# Infinite Number of Primes of form 4n - 1

## Contents

## Theorem

There are infinitely many prime numbers of the form $4 n - 1$.

## Proof

Aiming for a contradiction, suppose the contrary.

That is, suppose there is a finite number of prime numbers of the form $4 n - 1$.

Let there be $k$ of them: $p_1, p_2, \ldots, p_k$.

Let $S = \set {p_1, p_2, \ldots, p_k}$.

Let $N$ be constructed as:

- $\displaystyle N = 4 \prod_{i \mathop = 1}^k p_i - 1$

If $N$ is a prime number, then it is of the form $4 n - 1$.

But then we have that $N \notin S$, which means that $S$ is not the complete set of prime numbers of the form $4 n - 1$.

Therefore $N$ must be composite.

Suppose all the prime factors of $N$ are of the form $4 n + 1$.

Then from Product of Integers of form $4 n + 1$ it follows that $N$ itself is of the form $4 n + 1$.

Therefore $N$ must have at least one prime factor $p$ of the form $4 n - 1$.

Suppose $p \in S$.

We have that:

- $\displaystyle p \divides 4 \prod_{i \mathop = 1}^k p_i$

and so:

- $\displaystyle p \divides 4 \prod_{i \mathop = 1}^k p_i - p$

So:

- $N = q p + \left({p - 1}\right)$

where:

- $q = \dfrac {\displaystyle 4 \prod_{i \mathop = 1}^k p_i - p} p$

So applying the Euclidean Algorithm:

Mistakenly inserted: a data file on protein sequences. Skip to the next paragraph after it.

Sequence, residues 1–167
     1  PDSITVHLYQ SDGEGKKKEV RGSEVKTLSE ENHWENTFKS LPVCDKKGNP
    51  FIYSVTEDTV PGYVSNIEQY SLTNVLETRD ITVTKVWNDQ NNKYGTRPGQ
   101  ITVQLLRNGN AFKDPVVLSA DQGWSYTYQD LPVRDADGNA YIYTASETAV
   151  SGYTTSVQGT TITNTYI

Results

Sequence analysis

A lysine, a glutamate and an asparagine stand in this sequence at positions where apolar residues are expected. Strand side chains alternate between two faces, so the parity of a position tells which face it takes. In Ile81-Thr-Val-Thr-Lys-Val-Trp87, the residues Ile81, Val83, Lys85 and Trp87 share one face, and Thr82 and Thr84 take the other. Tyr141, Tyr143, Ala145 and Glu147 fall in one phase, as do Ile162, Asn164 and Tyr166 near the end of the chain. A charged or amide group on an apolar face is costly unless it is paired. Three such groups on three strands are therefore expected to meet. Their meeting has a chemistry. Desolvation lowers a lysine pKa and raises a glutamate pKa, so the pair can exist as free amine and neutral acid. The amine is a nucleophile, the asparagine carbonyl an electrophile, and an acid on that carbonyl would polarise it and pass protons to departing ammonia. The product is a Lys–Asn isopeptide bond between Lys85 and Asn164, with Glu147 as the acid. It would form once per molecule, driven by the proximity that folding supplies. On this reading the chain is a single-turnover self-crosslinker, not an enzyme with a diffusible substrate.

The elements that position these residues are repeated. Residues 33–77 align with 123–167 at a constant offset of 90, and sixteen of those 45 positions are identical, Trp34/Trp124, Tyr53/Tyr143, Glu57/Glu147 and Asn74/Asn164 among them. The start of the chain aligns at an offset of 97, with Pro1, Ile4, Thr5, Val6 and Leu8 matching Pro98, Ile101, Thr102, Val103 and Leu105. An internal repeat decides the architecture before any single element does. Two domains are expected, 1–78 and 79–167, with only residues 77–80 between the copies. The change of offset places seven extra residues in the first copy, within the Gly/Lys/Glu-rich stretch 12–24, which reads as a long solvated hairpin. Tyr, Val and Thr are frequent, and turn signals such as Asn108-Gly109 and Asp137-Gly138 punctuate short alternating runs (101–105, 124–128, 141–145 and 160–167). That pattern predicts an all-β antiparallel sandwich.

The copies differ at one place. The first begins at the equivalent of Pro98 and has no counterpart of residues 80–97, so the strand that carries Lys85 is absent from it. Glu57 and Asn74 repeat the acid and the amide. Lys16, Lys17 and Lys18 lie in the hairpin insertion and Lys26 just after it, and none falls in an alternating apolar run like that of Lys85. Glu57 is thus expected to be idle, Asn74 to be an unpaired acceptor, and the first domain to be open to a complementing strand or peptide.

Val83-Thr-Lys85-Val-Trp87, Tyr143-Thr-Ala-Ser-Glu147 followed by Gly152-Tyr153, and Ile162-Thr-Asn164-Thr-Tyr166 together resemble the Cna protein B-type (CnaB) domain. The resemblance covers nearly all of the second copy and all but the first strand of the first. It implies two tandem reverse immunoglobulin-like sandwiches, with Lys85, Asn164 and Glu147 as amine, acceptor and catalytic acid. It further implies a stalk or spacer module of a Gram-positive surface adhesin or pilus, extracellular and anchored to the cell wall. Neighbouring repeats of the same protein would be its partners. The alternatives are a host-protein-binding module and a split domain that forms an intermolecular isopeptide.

\(\displaystyle \gcd \set {N, p}\) | \(=\) | \(\displaystyle \gcd \set {p - 1, p}\) | $\quad$ | $\quad$ | |||||||||

\(\displaystyle \) | \(=\) | \(\displaystyle \gcd \set {p - 1, 1}\) | $\quad$ | $\quad$ | |||||||||

\(\displaystyle \) | \(=\) | \(\displaystyle 1\) | $\quad$ | $\quad$ |

So if $p \in S$, then it cannot be a divisor of $N$.

Therefore there must be a prime numbers of the form $4 n - 1$ which is not in $S$.

Therefore $S$ is not the complete set of prime numbers of the form $4 n - 1$.

Therefore the assumption that $S$ is finite was false.

Hence the result.

$\blacksquare$

## Also presented as

Some sources present this result as:

- There are infinitely many prime numbers congruent to $3 \pmod 4$.

## Sources

- 1978: Thomas A. Whitelaw:
*An Introduction to Abstract Algebra*... (previous) ... (next): Chapter $2$: Some Properties of $\Z$: Exercise $2.15$ - 1982: P.M. Cohn:
*Algebra Volume 1*(2nd ed.) ... (previous) ... (next): $\S 2.2$: Divisibility and factorization in $\mathbf Z$: Exercise $8$ - 1992: George F. Simmons:
*Calculus Gems*... (previous) ... (next): Chapter $\text {B}.16$: The Sequence of Primes: Theorem $3$